There are obstacles to talking about clergy sexual abuse largely because there are obstacles to even facing it. In general, it’s natural to find the horrors of sexual abuse simply too painful to deal with. At the same time, there are a variety of personal motives for turning away from these stories of abuse. In addition to lacking the virtues of love and courage, certain motives to avoid this issue may be largely unconscious or just outside of conscious awareness. Hence, some humility and capacity for self reflection are needed to bring these hidden sentiments to light. What might be some tendencies that hinder our capacity to cope more openly with clergy abuse?

Cognitive dissonance

“Cognitive dissonance” was famously dubbed by social science researchers as our automatic tendency to alter our beliefs in order to align with our values, even at the expense of reason. Hence, we turn away from clergy sex abuse reports or minimize the severity or impact on our community because cognitive dissonance won’t allow some to both love our Church and acknowledge her failures.

Misplaced loyalty to the clergy family

The clergy is very much like a family of brothers and father-figures. There is a natural love and loyalty that flows in their ranks. That very sense of loyalty and protectiveness may blind some from conducting serious investigations or sanctioning abusers. They may feel sorry for penitent priests who are accused of abuse. Out of a posture of “forgiveness” and a misapplication of absolution, priests may give offending priests a pass, hoping for true reformation.

Emotional vulnerability

Clergy may feel unduly persecuted by abuse reports over which they had no control. Some people just cannot tolerate feelings of anger, helplessness, or inadequacy in learning of these reports. Priests may shrink from stories of fellow abusive brothers out of their own unresolved guilt and shame over past or current sexual transgressions, unable to face on the outside what is too close to their own unreconciled emotional pain. Since approximately one in six males have been sexually abused in childhood, some clergy may be too wounded in this area to deal adaptively with sex abuse charges in their midst.

Idealization of clergy

Another main obstacle to facing evil behavior in our clergy is the deeply rooted need to idealize authority figures. We all start life with this need. It begins with parents, then moves to teachers, coaches, government leaders, etc. Finally, that innate wish and need lands firmly on the shoulders of our church leaders. That ordination changes priests at an ontological level complicates our thinking and may blind us to their frail humanity and especially their hidden, dark side.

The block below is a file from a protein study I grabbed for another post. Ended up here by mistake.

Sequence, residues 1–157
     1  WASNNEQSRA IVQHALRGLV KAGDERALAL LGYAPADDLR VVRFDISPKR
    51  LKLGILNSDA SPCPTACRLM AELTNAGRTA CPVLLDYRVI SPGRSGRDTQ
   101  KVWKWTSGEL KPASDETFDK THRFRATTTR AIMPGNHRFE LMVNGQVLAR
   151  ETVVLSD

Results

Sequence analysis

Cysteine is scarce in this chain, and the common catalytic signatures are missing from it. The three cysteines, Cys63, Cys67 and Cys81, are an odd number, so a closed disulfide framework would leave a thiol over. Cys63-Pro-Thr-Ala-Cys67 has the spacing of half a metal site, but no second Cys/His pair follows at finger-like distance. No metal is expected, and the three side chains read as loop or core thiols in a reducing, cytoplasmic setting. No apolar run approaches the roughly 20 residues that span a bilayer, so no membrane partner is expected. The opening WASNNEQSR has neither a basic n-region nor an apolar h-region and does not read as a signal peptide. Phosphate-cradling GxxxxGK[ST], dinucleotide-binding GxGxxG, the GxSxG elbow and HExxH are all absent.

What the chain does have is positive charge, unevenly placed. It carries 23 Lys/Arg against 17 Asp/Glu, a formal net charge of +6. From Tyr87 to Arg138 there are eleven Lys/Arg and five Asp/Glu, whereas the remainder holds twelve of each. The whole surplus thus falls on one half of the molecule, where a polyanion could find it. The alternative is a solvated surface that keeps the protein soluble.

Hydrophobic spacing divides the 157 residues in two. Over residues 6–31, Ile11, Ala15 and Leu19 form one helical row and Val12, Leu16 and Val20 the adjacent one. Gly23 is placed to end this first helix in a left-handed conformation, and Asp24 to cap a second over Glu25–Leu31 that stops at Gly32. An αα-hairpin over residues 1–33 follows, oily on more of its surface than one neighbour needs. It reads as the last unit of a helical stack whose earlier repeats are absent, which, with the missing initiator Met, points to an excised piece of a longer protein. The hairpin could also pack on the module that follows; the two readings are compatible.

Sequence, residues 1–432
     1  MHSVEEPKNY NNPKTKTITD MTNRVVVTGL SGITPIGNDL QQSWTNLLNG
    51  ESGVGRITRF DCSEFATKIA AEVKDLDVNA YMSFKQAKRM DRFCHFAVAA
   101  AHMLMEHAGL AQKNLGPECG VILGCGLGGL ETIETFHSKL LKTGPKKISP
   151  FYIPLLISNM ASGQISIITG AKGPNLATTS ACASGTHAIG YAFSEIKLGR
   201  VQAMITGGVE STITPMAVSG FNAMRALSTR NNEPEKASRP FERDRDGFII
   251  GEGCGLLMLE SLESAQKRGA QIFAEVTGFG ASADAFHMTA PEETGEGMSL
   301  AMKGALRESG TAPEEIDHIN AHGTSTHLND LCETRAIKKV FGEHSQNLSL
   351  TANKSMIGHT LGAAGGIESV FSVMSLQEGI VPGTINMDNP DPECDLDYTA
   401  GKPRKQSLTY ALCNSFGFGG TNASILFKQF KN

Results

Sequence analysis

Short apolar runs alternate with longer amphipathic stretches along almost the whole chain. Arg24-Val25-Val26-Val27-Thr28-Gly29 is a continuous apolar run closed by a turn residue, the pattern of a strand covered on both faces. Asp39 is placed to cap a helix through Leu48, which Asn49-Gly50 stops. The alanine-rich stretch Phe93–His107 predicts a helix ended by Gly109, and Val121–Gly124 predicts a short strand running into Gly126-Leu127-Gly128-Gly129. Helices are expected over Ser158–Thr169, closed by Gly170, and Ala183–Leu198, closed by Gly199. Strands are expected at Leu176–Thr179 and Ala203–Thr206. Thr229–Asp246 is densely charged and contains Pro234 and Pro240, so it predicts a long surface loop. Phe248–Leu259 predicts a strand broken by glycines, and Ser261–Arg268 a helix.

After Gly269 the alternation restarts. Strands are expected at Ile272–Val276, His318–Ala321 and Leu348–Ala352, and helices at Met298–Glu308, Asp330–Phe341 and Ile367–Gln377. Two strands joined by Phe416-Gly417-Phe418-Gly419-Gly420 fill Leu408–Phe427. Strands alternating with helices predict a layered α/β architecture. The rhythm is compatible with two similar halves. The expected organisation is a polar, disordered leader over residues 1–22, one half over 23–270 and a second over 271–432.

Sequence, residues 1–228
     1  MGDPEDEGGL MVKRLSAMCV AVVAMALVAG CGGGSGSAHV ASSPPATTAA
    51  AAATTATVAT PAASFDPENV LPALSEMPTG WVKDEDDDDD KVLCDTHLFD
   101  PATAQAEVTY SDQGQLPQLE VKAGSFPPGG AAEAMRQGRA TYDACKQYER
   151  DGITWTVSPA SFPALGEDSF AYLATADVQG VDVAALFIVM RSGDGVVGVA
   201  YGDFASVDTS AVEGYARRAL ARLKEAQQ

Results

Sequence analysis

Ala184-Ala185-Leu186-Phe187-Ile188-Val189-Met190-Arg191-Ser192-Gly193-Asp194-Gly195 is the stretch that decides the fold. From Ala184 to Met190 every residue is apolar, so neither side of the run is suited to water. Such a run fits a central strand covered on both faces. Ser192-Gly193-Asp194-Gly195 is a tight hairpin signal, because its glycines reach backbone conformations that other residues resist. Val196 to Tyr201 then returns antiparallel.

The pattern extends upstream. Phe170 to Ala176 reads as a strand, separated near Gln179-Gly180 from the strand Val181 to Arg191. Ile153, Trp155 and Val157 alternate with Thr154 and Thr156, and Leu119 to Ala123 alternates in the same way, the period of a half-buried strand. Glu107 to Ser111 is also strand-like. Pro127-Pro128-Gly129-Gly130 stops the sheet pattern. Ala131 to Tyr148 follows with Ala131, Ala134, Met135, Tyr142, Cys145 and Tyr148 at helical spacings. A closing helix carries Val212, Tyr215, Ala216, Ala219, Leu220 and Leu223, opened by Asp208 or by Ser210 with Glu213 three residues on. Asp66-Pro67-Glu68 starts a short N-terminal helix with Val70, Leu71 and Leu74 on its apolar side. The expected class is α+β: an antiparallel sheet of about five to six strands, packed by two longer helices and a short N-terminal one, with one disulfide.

Clericalism

While idealization is what laity do in their naïveté toward clergy, clericalism is what clergy do in their over-valuation of themselves. It is the largely unconscious, perhaps subtle, notion that they are owed certain privileges (outside their actual ecclesial office) not granted to laymen. Clericalism is the illusion of entitlement and leads to abuse of power such as protecting clergy who are known criminal sex offenders from legal authorities. Fr. Thomas Doyle, a devoted advocate for individuals abused by clergy, has contributed greatly to this issue (2006). He notes, “The constant obsession of the hierarchy with protecting its image, stature and power at the expense of the victims has had the opposite effect and has in fact, produced an erosion of respect and trust” (2019).

Pathology of clergy offender

Nobody can use a person as a means to an end, no human being, nor yet God the Creator.” (St. John Paul II, 1960, p. 27.)

As psychotherapists, we believe an understanding of the involved pathology is necessary. It is very perplexing that ostensibly good, sincere, and holy priests can and do sexually exploit vulnerable people in their care. These abusers may exhibit bright philosophical minds, demonstrate Scripture scholarship, pray in tongues, exude warm pastoral gifts, and even display heroic acts of charity. Yet, they can also be serial child molesters. How can they be so morally sick on the inside while putting on a show of goodness? A cardinal, when asked about the criminal charges of sexual conduct of a priest in his diocese, responded, “We’re talking about a good man.” Herein is the dilemma: Can a person be both good and evil?

It is the perverse tendency towards exploitation that defines who has the potential for evil. St. John Paul II talked about the development of sexuality in what became his opus “Theology of the Body.” He astutely indicated that the opposite of love was neither indifference nor hatred, but exploitation (Wojtyla, 1960).